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War And Peace 653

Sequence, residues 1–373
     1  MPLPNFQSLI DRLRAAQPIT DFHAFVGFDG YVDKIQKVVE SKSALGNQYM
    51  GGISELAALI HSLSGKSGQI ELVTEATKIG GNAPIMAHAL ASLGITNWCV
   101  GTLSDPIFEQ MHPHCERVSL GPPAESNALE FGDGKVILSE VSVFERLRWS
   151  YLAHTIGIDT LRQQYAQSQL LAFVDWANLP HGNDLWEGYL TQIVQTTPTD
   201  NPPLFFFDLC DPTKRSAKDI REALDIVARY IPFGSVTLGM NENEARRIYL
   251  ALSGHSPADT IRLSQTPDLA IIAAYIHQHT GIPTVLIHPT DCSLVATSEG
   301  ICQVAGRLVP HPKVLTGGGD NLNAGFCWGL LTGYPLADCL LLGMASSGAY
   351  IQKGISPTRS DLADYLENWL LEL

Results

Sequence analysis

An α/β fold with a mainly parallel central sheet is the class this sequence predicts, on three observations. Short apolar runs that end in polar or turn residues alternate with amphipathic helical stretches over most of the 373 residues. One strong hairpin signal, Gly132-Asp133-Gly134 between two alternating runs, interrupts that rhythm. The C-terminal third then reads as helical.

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village arranging quarters for the staff officers, carrying out the French corpses that were in the huts, and dragging away boards, dry wood, and thatch from the roofs, for the campfires, or wattle fences to serve for shelter. Some fifteen men with merry shouts were shaking down the high wattle wall of a shed, the roof of which had already been removed. "Now then, all together--shove!" cried the voices, and the huge surface of the wall, sprinkled with snow and creaking with frost, was seen swaying in the gloom of the night. The lower stakes cracked more and more and at last the wall fell, and with it the men who had been pushing it. Loud, coarse laughter and joyous shouts ensued. "Now then, catch hold in twos! Hand up the lever! Thats it... Where are you shoving to?" "Now, all together! But wait a moment, boys... With a song!" All stood silent, and a soft, pleasant velvety voice began to sing. At the end of the third verse as the last note died away, twenty voices roared out at once: "Oo-oo-oo-oo! Thats it. All together! Heave away, boys!..." but despite their united efforts the wattle hardly moved, and in the silence that followed the heavy breathing of the men was audible. "Here, you of the Sixth Company! Devils that you are! Lend a hand... will you? You may want us one of these days." Some twenty men of the Sixth Company who were on their way into the village joined the haulers, and the wattle wall, which was about thirty-five feet long and seven feet high, moved forward along the village street, swaying, pressing upon and cutting the shoulders of the gasping men. "Get along... Falling? What are you stopping for? There now..." Merry senseless words of abuse flowed freely. "What are you up to?" suddenly came the authoritative voice of a sergeant major who came upon the men who were hauling their burden. "There are gentry here; the general himself is in that hut, and you foul-mouthed devils, you brutes, Ill give it to you!" shouted he, hitting the first man who came in his way a swinging blow on the back. "Cant you make less noise?" The men became silent. The soldier who had been struck groaned and wiped his face, which had been scratched till it bled by his falling against the wattle. "There, how that devil hits out! Hes made my face all bloody," said he in a frightened whisper when the sergeant major had passed on. "Dont you like it?" said a laughing voice, and moderating their tones the men moved forward. When they were out of the village they began talking again as loud as before, interlarding their talk with the same aimless expletives. In the hut which the men had passed, the chief officers had gathered and were in animated talk over their tea about the events of the day and the maneuvers suggested for tomorrow. It was proposed to make a flank march to the left, cut off the Vice-King (Murat) and capture him. By the time the soldiers had dragged the wattle fence to its place the campfires were blazing on all sides ready for cooking, the wood crackled, the snow was melting, and black shadows of soldiers flitted to and fro all over the occupied space where the snow had been trodden down. Axes and choppers were plied all around. Everything was done without any orders being given. Stores of wood were brought for the night, shelters were rigged up for the officers, caldrons were being boiled, and muskets and accouterments put in order. The wattle wall the men had brought was set up in a semicircle by the Eighth Company as a shelter from the north, propped up by musket rests, and a campfire was built before it. They beat the tattoo, called the roll, had supper, and settled down round the fires for the night--some repairing their footgear, some smoking pipes, and some stripping themselves naked to steam the lice out of their shirts. CHAPTER VIII One would have thought that under the almost incredibly wretched conditions the Russian soldiers were in at that time--lacking warm boots and sheepskin coats, without a roof over their heads, in the snow with eighteen degrees of frost, and without even full rations (the commissariat did not always keep up with the troops)--they would have presented a very sad and depressing spectacle. On the contrary, the army had never under the best material conditions presented a more cheerful and animated aspect. This was because all who began to grow depressed or who lost strength were sifted

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